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Instructor Orientation

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Behaviourist learning theory. Reductionist approach. ... ( Practice/feedback/test) Clearly define expectations and marking criteria. ... – PowerPoint PPT presentation

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Title: Instructor Orientation


1
Instructor Orientation
  •  

2
Characteristics of Adult LearnersMalcolm Knowles
  • Independent self-concept.
  • Broad base of experience.
  • Immediate time orientation/relevancy.
  • Subsidiary social roleother responsibilities.
  • Physiological changesreaction time, vision,
    hearing.
  • Unique developmental tasks become important.
  • Inteligence Crystalized and Fluid

3
  • Crystallized Intelligence
  • Use in most problem solving activities as adults.
  • Increase as people age/stimulating environments.
  • Fluid Intelligence
  • Use to solve problems/spacial relations
    (patterning).
  • Declines a certain amount as we age.

4
Learning Outcomes
  • Separate subjects? Or deal with life outside the
    college classroom?
  • What do you want your students to display at end
    of educational experience?
  • What is worth knowing?
  • What is the purpose of a college education?
  • What knowledge, skills, abilities, attitudes?

5
Three approaches to curriculum development
  • Content Approach (common to 1960).
  • Competency Approach (1965-1990).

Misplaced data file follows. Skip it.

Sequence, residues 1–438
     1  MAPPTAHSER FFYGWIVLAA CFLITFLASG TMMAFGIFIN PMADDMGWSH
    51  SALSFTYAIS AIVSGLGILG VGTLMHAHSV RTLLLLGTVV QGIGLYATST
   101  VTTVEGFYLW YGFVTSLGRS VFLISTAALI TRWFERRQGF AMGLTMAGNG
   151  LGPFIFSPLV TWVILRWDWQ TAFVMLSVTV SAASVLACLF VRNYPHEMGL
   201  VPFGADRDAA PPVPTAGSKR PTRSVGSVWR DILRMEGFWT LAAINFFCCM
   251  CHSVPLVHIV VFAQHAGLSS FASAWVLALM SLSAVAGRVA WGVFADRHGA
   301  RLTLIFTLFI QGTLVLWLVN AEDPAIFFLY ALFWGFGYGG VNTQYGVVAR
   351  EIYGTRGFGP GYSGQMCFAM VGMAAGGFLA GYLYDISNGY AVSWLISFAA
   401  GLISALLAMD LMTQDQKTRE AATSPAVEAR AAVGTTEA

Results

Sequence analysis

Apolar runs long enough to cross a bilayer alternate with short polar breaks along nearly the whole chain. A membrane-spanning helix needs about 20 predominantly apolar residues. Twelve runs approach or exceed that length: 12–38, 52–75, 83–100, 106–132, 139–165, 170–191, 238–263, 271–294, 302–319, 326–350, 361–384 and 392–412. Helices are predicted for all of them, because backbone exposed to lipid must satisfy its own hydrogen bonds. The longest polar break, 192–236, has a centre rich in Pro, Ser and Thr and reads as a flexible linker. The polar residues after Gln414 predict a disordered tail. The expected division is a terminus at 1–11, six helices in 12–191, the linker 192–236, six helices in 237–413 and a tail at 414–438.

• Learning Outcome Approach (1985-present).

6
Content Approach
  • Emphasis on content.
  • Instructor centred.
  • Instructor as expert.
  • Liberal philosophy.
  • Assessment involved norm-referenced exams.

7
Competency Approach
  • Emphasis on competencies.
  • Student centred.
  • Behaviourist learning theory.
  • Reductionist approach.
  • Assessment by competency, criterion referenced.

8
Learning Outcome Approach
  • Systems theory thinking.
  • Emphasis on broad learning outcomes.
  • Constructivist learning theory.
  • Authentic assessment procedures.

9
So what is a learning outcome anyway?
  • Integrated learning of knowledge, skills and
    abilities, and attitudes (values and
    dispositions).

10
The learning outcomes approach
  • Basing program and curriculum design, content,
    and delivery on an explicit identification of the
    integrated knowledge, skills, and values needed
    by both students and society.

11
Why the learning outcomes approach?
  • More emphasis on teaching.
  • Better access for students.
  • More student-centred learning.
  • More wholistic education. (practicums,
    work-study integration, co-op, work experience,
    authentic assessment, relevant curriculum)

12
Your ideal graduate?
  • What knowledge, skills, and attitudes would
    that person have?

13
Typology of Learning Outcomes
Generic Intellectual skills
Generic Process Skills
General Knowledge
Generic Occupational Skills
Specific Occupational Skills
Program Learning Outcomes
Rounding Requirements/ Service Courses
Generation of New Knowledge
Mastery of a Discipline
14
Curriculum Development
15
Dacum Chart

Communicate assertively with difficult
staff Learning Tasks Describe assertive
behaviour. Describe passive behaviour. Describe
aggressive behaviour. Apply Im OK youre OK
model.
Supervise Staff
Create Assessments
16
Observation of performance
  • Actual
  • Work samples, supervisor ratings, peer ratings,
    self-assessment.
  • Simulations
  • Written simulations, management exercises,
    simulation machines, projects.
  • Oral
  • Oral exam, interview, prepared presentation.

17
Observation of performance
  • Assessment methods
  • Checklists
  • Rating scales
  • Anecdotal records
  • Completed products/projects

18
Written examination
  • Constructed Response